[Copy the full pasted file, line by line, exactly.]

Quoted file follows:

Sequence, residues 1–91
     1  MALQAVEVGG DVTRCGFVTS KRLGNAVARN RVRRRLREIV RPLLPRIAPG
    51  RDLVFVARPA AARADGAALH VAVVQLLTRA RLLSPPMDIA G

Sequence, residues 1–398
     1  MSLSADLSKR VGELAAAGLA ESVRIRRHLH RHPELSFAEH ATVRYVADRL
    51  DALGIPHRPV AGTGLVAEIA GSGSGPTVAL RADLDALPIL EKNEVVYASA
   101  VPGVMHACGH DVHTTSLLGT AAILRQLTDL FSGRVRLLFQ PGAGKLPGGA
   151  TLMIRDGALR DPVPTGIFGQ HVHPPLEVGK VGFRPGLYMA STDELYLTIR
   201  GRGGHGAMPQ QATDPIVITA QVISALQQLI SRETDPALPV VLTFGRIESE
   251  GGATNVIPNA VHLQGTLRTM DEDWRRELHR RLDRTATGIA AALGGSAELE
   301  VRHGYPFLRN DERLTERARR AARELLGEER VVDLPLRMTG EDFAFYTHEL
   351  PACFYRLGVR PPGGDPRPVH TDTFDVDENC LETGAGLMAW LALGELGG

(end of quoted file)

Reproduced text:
Sequence, residues 1–91
     1  MALQAVEVGG DVTRCGFVTS KRLGNAVARN RVRRRLREIV RPLLPRIAPG
    51  RDLVFVARPA AARADGAALH VAVVQLLTRA RLLSPPMDIA G

Sequence, residues 1–398
     1  MSLSADLSKR VGELAAAGLA ESVRIRRHLH RHPELSFAEH ATVRYVADRL
    51  DALGIPHRPV AGTGLVAEIA GSGSGPTVAL RADLDALPIL EKNEVVYASA
   101  VPGVMHACGH DVHTTSLLGT AAILRQLTDL FSGRVRLLFQ PGAGKLPGGA
   151  TLMIRDGALR DPVPTGIFGQ HVHPPLEVGK VGFRPGLYMA STDELYLTIR
   201  GRGGHGAMPQ QATDPIVITA QVISALQQLI SRETDPALPV VLTFGRIESE
   251  GGATNVIPNA VHLQGTLRTM DEDWRRELHR RLDRTATGIA AALGGSAELE
   301  VRHGYPFLRN DERLTERARR AARELLGEER VVDLPLRMTG EDFAFYTHEL
   351  PACFYRLGVR PPGGDPRPVH TDTFDVDENC LETGAGLMAW LALGELGG